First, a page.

The birth of a child was an auspicious occasion, and the dukun (midwife/witch doctor) was appointed to drive off spirits, and to cut the umbilical cord with a bamboo knife. The newborn baby would be swaddled and daubed with rice chewed by the dukun prior to the mother commencing breastfeeding. The placenta would be buried under the house and for seven nights a fire would be maintained to drive off spirits.
On the seventh day the child would be brought to the tapian. If the date of birth was an auspicious one, this would be done using by the mother a new hiou, a ragi idup or ragi panei, but if the date was a bad one, the baby would be carefully brought by all the women of the village, who would set out to deceive the evil spirits in order to protect the baby. When the child was named, it would be given black, white and red bracelets for protective purposes.
A well-preserved traditional Simalungun village can be seen at Pematang Purba.
The concept of a cohesive Simalungun people is derived in part from Dutch colonialism. In 1870 the Dutch established the Residency of East Sumatra, centred on Medan in the Kingdom of Deli. In 1904 the Netherlands East Indies government signed surrender agreements with the seven kingdoms of the 'Simeloengoenlanden', in order to form the administrative of unit Simeloengoen en Karolanden. These seven Simalungun kingdoms were the kingdoms of Siantar, Tanoh Jawa, Panei, Dolok Silou, Raya, Purba and Silimahuta. It has been suggested that Tanoh Jawa had more in common with early pagan Asahan (later to become the Asahan Sultanate) than it did with the other Simalungun kingdoms.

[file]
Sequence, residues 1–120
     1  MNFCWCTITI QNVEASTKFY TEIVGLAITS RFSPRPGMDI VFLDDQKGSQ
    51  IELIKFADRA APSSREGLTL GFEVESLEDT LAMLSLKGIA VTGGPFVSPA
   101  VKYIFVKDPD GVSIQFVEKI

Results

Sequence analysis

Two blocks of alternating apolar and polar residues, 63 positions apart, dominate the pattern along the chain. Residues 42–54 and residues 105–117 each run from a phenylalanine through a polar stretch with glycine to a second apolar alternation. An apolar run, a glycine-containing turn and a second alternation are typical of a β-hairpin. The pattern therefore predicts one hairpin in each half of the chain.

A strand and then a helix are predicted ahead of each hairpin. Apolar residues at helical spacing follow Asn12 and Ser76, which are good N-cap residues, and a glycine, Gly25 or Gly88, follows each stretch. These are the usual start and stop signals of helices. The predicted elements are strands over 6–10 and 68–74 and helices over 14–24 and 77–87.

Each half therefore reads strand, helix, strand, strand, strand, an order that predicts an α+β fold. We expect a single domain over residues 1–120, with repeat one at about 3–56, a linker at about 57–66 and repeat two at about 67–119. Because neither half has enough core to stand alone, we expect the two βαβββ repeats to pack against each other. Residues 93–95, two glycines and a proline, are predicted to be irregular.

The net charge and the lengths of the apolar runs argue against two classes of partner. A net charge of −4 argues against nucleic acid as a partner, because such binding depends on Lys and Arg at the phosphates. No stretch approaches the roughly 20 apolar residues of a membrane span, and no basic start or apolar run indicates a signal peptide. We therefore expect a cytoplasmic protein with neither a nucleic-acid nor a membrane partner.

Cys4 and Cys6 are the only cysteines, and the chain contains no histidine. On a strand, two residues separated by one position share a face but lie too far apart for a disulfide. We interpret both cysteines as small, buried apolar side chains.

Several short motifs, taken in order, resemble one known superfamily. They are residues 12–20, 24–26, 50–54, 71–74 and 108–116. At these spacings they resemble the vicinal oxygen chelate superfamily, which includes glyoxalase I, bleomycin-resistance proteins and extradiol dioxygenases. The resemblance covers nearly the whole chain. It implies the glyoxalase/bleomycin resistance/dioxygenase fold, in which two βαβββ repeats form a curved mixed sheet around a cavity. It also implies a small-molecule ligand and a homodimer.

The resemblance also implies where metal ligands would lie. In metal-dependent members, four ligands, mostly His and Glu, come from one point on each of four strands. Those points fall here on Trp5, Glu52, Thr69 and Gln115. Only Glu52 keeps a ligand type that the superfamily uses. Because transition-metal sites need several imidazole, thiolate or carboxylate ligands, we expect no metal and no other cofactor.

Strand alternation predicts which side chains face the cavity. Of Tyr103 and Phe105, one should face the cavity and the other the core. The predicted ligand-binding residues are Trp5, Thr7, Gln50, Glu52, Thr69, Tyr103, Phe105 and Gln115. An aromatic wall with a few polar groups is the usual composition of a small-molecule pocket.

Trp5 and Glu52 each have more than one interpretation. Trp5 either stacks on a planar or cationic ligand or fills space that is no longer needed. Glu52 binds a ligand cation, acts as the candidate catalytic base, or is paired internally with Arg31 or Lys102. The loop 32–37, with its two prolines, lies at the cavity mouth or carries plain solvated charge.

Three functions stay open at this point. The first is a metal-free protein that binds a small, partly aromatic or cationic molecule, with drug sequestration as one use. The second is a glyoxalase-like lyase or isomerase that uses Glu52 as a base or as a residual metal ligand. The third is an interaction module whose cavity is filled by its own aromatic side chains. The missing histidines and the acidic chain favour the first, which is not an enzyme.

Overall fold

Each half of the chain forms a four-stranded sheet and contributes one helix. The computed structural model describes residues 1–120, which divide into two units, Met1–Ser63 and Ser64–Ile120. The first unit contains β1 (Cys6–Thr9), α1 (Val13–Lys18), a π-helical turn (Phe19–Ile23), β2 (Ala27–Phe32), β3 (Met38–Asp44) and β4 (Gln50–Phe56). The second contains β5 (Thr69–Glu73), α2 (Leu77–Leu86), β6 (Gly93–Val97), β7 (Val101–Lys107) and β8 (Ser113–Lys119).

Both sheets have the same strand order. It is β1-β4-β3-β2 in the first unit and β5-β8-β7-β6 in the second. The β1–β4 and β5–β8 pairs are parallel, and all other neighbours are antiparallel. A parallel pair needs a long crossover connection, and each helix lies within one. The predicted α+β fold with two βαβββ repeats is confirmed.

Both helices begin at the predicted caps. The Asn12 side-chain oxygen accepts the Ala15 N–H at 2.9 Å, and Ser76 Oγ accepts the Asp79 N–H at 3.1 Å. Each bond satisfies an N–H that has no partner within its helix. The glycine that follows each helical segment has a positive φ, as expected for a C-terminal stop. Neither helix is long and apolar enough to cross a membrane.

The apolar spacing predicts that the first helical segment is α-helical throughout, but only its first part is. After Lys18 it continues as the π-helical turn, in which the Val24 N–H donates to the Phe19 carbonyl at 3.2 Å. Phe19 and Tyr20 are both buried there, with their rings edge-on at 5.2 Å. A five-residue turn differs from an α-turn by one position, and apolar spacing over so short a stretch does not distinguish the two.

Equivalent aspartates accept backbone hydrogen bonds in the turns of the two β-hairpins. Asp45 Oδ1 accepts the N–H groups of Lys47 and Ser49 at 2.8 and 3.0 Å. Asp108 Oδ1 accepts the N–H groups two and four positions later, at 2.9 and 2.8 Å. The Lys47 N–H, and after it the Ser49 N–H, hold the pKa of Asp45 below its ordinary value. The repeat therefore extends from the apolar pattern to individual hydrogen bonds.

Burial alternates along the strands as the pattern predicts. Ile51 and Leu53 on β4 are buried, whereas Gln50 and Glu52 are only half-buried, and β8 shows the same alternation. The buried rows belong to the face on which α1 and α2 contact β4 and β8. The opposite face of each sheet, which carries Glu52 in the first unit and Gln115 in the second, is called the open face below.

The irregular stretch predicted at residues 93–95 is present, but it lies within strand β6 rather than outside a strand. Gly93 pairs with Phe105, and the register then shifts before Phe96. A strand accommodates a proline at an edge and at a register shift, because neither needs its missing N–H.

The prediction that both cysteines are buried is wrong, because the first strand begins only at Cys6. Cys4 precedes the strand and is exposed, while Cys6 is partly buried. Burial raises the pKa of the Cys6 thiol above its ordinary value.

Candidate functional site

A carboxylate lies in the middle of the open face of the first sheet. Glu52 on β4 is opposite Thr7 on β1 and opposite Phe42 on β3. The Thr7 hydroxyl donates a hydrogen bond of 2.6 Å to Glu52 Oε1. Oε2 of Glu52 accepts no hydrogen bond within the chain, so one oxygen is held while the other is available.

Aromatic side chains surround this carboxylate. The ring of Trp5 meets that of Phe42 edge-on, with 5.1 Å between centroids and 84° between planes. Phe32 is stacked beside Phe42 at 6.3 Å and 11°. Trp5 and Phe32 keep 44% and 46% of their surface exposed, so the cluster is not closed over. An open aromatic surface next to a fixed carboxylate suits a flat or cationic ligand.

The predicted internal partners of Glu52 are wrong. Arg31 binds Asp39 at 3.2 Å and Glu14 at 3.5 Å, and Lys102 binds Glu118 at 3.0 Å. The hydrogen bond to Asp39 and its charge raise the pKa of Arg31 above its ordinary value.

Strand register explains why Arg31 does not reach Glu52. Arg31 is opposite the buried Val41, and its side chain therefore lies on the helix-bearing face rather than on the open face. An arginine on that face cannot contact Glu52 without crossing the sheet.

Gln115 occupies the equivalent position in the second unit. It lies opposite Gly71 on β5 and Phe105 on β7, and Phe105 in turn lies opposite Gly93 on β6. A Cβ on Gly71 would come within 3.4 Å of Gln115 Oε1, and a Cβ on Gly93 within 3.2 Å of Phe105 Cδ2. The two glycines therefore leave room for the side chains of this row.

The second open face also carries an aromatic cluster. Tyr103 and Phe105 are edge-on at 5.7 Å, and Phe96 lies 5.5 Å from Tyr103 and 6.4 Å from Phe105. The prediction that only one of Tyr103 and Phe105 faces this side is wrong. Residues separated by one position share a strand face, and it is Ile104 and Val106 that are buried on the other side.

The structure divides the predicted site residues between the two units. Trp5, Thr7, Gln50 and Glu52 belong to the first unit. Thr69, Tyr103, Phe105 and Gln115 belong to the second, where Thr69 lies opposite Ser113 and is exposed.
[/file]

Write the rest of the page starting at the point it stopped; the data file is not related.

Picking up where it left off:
The colonial seat was established in 1908 at Pematang Siantar. The Dutch colonial system encouraged migration, especially of Javanese and Tobanese labourers working on Dutch plantations, with both peoples bringing new influences to the area, which tended to cause the original people of Simalungun to be intimidated and marginalized. After World War II, in 1946, a social revolution occurred in East Sumatra which is viewed as a tragedy by the Simalungun people. Non-native settlers in East Sumatra demanded changes to the monarchy systems of Deli, Karo and Simalungun, and agitated for unity with the Javanese government which had been proclaimed as the Republic Of Indonesia in August, 1945. Many were kidnapped and killed, especially from the royal families of each Kingdom. The monarchy system in East Sumatra was deposed and, while the families are still intact and acknowledged by the Simalungun people as such among themselves, the titles are now entirely ceremonial within the Simalungun cultures.
August Theis, a German missionary arrived in Sumatra in 1902. He was subject to Ludwig Ingwer Nommensen, who instructed him to head to the Simalungun region. They arrived on 2 September 1903, a day now commemorated by the Simalungun church. Theis opened several schools, and returned to the Netherlands in 1921.
The first translation of The Bible into an indigenous Indonesian language was by Wismar Djaulung Saragih Sumbayak, who had been baptised by Theis in 1910. Wismar also authored the first Simalungun dictionary, and successfully campaigned for teaching in schools to be conducted in Simalungun rather than Toba. He also pushed for the use of traditional Simalungun clothes and music in the church. His efforts eventually led to the formation of the distinct Simalungun Protestant Christian Church.
Simalungun has its own regional language that is different from Indonesian, Karo Batak, Toba Batak and Malay and is called Batak Simalungun language.
Simalungun people belong to one of four surnames (clans). Each surname has sub-surnames, although individuals may choose to identify primarily by their surnames, rather than sub-surnames, in order to emphasize common kinship.
The four original surnames are:-